How To Run An Effective Meeting
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Most people believe that there are too many meetings in business. Meetings to discuss meetings, meeting to update progress since yesterday’s meeting or a meeting in order to prove to the boss that you’re doing your job. Some meetings are essential, most aren’t, but knowing how to run a meeting efficiently, and getting results from your discussions, will save you time and enable a more productive working environment.
Have a Purpose and make sure everyone attending knows what it is
Send out an agenda prior to the meeting and allow enough time for people to prepare for the meeting. Explain the goal of the meeting and what is expected from everyone that is invited. The benefits of the meeting to those attending should be obvious (otherwise the meeting may not be required). However, if you feel the need to point out the advantages of attending, then detail this on the invite, along with the agenda.
If everyone is fully informed prior to the meeting then there is no excuse for not fully preparing.
Make sure only those required are invited
Only invite colleagues that are required to meet the goals of the meeting. Don’t invite the boos just to show what a good employee you are – that’s just wasting their time. You should be clear on who is attending and why. Making sure that you have the right people involved will encourage a productive, efficient meeting.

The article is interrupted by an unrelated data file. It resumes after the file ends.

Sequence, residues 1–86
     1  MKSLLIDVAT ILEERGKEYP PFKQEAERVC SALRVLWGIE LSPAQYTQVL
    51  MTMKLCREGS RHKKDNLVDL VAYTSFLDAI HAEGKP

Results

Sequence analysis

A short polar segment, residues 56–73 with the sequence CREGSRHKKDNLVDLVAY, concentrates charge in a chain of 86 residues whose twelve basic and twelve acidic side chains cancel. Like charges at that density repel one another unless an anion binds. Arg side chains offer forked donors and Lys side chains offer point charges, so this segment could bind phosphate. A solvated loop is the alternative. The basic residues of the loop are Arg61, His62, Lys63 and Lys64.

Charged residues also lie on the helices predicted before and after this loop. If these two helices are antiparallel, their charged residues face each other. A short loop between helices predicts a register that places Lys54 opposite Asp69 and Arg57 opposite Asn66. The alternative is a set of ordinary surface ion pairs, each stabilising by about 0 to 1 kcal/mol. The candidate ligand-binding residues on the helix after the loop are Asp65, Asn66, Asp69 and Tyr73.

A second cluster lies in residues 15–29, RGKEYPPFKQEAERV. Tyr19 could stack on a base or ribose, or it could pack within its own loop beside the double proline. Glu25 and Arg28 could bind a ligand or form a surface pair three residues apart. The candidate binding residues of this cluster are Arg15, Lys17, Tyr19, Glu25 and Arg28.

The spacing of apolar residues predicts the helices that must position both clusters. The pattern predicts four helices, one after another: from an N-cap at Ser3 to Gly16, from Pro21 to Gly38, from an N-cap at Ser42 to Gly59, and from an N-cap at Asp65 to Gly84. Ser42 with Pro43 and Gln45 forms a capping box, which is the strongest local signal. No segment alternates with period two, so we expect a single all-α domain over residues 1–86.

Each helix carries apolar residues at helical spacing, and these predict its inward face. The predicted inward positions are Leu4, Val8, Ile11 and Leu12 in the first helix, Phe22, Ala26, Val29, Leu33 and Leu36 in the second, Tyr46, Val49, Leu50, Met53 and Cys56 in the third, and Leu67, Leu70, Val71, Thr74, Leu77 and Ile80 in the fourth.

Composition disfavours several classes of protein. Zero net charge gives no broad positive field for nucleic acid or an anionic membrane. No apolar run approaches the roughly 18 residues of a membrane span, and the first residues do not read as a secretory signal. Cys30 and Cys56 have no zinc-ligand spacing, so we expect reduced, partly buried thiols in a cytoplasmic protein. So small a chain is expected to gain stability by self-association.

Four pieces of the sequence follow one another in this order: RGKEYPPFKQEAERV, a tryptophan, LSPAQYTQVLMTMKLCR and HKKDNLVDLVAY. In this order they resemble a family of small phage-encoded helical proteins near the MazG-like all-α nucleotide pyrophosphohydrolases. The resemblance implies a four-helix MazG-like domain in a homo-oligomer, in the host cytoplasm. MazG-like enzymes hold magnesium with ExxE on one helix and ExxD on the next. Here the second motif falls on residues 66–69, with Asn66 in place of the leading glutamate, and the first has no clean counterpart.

Let everyone know that you will be in charge of the meeting. As such you are responsible for keeping to timetables, ensuring that appropriate minutes are taken and that everyone is aware of the actions that they are responsible for after the meeting. You will need to be balanced, impartial and fair, as well as being able to assert authority and keep the discussions on topic and on track. If everyone is well informed regarding the meeting, it will make administering it a more pleasant experience.
Ensure that discussions remain on topic. If they begin to stray down an irrelevant path, then politely ask that people get back on track. Depending upon the subject of the meeting, it may be that suggestions and alternatives are a requirement, and so your discretion should be used.
Ensure that actions are agreed, and that those given the actions are clear about what they have to do. A follow up communication should be sent to reiterate the responsibilities and timescales. These actions can then either be discussed with the individual owner, or, if essential, provide the agenda for a more focused follow up meeting.